range reflects the degree of uncertainty arising from a potential behavioural change, following the increase in Excise
                                 (i.e. consumption may fall, resulting in a net revenue loss). Where a point estimate is chosen, then the mid-point of the
                                 range would be a more appropriate figure.

                                 14   The Department have indicated that the full cost of this measure is €100 million, with €60 million “in the tax base”, Budget 2020 – Summary of 2020
                                      Taxation Measures.
                                 15   Cost of Tax Allowances, Credits, Exemptions and Reliefs, Revenue Commissioners.
                                 16   Ibid.
Post-Budget 2020 Commentary

The increase in Carbon Tax could similarly result in a behavioural change (indeed, this is the objective of climate-friendly
taxes generally). For this reason, planning on the basis of a point estimate, that does not account for a potential
behavioural change, may not be prudent. For this reason, clarity should be provided as to how any shortfall in revenues
raised for the proposed ring-fenced climate action fund will be met.

The decision to extend the Help-to-Buy scheme by two years has been costed at €40 million per annum, with a footnote             13
indicating that an additional €60 million is “in the tax base”. It is unclear what is meant by this. It should be feasible
to estimate the cost of the specific policy change (i.e. the extension of the scheme by two additional years) separately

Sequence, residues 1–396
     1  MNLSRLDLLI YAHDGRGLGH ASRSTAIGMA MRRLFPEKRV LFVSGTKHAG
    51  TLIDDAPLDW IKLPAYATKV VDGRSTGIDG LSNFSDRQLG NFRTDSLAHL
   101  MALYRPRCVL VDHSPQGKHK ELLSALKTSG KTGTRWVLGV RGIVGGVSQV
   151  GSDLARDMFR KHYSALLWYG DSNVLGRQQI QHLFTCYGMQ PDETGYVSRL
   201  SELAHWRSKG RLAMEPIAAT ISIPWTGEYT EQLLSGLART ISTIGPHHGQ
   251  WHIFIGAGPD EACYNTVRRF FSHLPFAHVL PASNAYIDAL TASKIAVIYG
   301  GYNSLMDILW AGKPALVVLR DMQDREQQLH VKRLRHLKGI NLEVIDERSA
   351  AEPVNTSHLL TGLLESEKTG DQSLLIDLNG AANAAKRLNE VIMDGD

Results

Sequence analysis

from the cost of operating the scheme until the original end-date of December 2019.

Additional revenue is to be yielded from Corporation Tax as part of new “compliance measures”. However, the basis
of this costing is unclear.

The PBO would welcome the publication of a technical note by the Department of
Finance, detailing the approach taken in estimating the cost of each policy change.
This could be published alongside the budget documentation each year.

The publication of material that outlines the Department’s approach to costing different policy changes would aid
in the scrutiny of these cost estimates. This would outline the data and method(s) used, as well as any underpinning
assumptions that were made (particularly around the consideration of any behavioural impact).

The PBO would also welcome the provision of cost estimates of policy changes
beyond a single year. Multi-annual costings would facilitate greater scrutiny
of new measures.

Estimates of the future cost of policy changes would facilitate greater oversight and scrutiny of proposed changes.
At present, Members are expected to consider policy changes that may remain an ongoing feature of the tax system

                                                                                                                                 Post-Budget 2020 Commentary
for many years, with costings only provided for a single year. This is insufficient, particularly as certain measures